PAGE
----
Bihar in 2017 witnessed one of the most dramatic political realignments in recent history as Chief Minister Nitish Kumar dumped the Grand Alliance, comprising his JD(U), arch rival Lalu Prasad’s RJD and the Congress, to rejoin the BJP-led NDA.
While witnessing the cataclysmic political developments, the state was also ravaged by floods which affected 19 districts of north Bihar, rendered close to a million homeless and claimed more than 500 lives.
Shortly after the installation of the new government, the Srijan scam involving fraudulent transfer of hundreds of crores from the treasury to an NGO came to light. The state government promptly ordered a CBI inquiry amid allegations from the opposition that the NGO enjoyed patronage from many top leaders of the ruling coalition.
Driven by the conviction that social evils must be eradicated for the fruits of development to reach all, Kumar also launched campaigns against dowry and child marriage, claiming that these reforms would transform the society in no smaller measure than his previous radical step of prohibition had done.
However, incidents like hooch tragedies in Rohtas and Vaishali districts and killing of a policeman by liquor smugglers in Samastipur as also frequent seizures of huge quantities of liquor across the state despite a stringent prohibition law raised question mark on the liquor ban being practical.
Kumar took the drastic step of severing ties with the “Mahagathbandhan” four years after he had snapped his 17- year-old association with the BJP in protest against the latter making Narendra Modi its prime ministerial candidate.
The sharp hostility between the two leaders began giving way to bonhomie which became evident at the “Prakash Parv” in January, when at a function held to celebrate 350th birth anniversary of Guru Gobind Singh Modi and Kumar shared dais and showered praise on each other.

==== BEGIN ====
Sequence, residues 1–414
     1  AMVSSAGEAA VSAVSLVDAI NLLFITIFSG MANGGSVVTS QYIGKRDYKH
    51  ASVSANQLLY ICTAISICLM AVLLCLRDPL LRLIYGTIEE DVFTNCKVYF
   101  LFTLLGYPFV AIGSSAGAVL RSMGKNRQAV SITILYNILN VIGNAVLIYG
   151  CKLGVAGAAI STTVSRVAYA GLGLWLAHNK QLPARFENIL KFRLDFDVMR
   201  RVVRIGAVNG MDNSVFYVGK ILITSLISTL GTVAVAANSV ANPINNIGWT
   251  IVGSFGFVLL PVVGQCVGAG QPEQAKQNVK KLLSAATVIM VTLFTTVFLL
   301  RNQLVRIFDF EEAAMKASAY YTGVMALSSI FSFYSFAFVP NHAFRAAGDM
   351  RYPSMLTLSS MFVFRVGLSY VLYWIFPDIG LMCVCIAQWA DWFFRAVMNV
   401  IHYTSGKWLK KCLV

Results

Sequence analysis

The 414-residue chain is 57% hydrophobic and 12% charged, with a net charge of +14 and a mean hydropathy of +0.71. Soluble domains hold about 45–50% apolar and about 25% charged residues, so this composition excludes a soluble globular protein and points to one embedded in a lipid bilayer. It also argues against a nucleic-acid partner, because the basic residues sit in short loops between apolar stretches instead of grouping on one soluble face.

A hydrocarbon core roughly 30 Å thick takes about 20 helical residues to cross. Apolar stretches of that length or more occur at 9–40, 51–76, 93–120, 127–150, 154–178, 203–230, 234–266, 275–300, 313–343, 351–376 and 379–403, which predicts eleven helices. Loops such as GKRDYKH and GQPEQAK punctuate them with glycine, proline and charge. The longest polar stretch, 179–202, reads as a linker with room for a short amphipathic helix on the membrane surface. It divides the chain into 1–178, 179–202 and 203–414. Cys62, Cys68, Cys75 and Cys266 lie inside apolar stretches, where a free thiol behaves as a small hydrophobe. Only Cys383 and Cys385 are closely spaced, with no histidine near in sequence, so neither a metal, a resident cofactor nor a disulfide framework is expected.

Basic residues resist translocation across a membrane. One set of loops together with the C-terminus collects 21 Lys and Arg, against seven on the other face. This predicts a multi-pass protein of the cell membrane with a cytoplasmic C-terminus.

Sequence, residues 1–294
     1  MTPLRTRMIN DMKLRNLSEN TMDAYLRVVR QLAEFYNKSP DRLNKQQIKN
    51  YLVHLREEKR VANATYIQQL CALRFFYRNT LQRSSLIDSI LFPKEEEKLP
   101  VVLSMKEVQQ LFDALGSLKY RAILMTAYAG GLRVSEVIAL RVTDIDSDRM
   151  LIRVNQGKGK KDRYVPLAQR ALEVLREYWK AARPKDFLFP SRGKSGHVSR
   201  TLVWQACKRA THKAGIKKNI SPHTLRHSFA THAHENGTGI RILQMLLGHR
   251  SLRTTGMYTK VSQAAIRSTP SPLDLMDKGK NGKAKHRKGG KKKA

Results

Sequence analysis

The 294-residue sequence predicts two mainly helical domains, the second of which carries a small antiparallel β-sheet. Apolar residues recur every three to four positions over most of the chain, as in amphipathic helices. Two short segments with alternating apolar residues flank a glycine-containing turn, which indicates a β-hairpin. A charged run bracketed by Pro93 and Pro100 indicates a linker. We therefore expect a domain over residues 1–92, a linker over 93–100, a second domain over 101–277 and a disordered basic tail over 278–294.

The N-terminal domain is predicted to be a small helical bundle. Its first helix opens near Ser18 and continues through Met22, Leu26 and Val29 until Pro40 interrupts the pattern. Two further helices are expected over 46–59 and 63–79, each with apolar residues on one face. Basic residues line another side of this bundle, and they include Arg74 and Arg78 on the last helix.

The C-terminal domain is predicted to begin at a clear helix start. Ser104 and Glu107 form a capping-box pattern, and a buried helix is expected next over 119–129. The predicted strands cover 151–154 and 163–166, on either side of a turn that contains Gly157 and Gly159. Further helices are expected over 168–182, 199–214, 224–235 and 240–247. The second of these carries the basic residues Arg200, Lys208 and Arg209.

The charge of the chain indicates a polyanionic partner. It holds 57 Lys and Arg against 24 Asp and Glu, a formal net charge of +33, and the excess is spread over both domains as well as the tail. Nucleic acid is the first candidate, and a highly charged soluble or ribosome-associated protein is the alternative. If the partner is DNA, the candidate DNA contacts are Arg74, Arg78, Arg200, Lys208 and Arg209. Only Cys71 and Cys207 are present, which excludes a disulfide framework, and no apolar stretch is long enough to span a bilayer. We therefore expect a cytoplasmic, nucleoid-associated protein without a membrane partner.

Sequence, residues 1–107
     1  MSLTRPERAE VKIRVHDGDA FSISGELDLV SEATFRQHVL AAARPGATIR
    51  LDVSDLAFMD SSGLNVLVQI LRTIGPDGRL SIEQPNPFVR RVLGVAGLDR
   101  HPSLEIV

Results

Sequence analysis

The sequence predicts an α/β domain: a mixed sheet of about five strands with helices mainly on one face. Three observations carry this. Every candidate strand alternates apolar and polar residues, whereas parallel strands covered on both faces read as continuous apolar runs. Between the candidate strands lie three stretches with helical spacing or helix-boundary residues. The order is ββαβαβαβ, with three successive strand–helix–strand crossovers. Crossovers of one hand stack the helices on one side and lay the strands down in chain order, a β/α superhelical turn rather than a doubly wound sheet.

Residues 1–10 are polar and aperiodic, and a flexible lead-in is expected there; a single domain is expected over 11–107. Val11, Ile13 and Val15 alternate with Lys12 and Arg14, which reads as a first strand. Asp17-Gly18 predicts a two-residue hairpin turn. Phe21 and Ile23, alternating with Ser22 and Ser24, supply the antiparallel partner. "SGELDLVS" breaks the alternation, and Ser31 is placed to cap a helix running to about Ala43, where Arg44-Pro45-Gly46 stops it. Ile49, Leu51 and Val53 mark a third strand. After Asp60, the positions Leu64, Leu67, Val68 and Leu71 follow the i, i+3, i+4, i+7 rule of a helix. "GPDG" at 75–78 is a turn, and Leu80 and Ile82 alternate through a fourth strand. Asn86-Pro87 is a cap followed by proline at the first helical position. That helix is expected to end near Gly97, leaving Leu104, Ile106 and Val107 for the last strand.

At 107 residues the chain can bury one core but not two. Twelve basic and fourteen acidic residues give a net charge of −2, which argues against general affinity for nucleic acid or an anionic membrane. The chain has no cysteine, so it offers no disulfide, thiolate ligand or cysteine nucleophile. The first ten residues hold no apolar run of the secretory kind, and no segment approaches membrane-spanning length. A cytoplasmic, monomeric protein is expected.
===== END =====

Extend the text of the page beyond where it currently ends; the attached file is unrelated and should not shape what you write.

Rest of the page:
During the assembly polls in neighbouring Uttar Pradesh in February, the JD(U) gave up its earlier enthusiasm for opposition unity and maintained a studied distance notwithstanding the Congress forming an alliance with the Samajwadi Party and the RJD throwing its weight behind the coalition.
Earlier, last year, Kumar had ruffled the feathers of his coalition partners by coming out in support of Modi’s demonetisation decision, which the Congress and the RJD criticise till date.
That all was not well with the “Mahagathbandhan” became more than obvious when Kumar decided to support the candidature of Ram Nath Kovind in the presidential polls. The chief minister defended his decision citing Kovind’s exemplary conduct as the governor of Bihar and contended that the Congress-led UPA, by belatedly fielding former Lok Sabha Speaker Meira Kumar, was fighting a lost battle.
However, the turning point came with the CBI filing a case in connection with the land for hotels scam against Lalu Prasad and his family members, including his younger son and the then deputy chief Minister Tejashwi Yadav.
Kumar’s suggestion that Yadav give a public explanation was rejected by the RJD and he resigned from the chief minister’s post citing irreconcilable differences with his alliance partner. The BJP came up with the offer of support and a new government was installed with Kumar being sworn in as the chief minister less than 24 hours after having stepped down.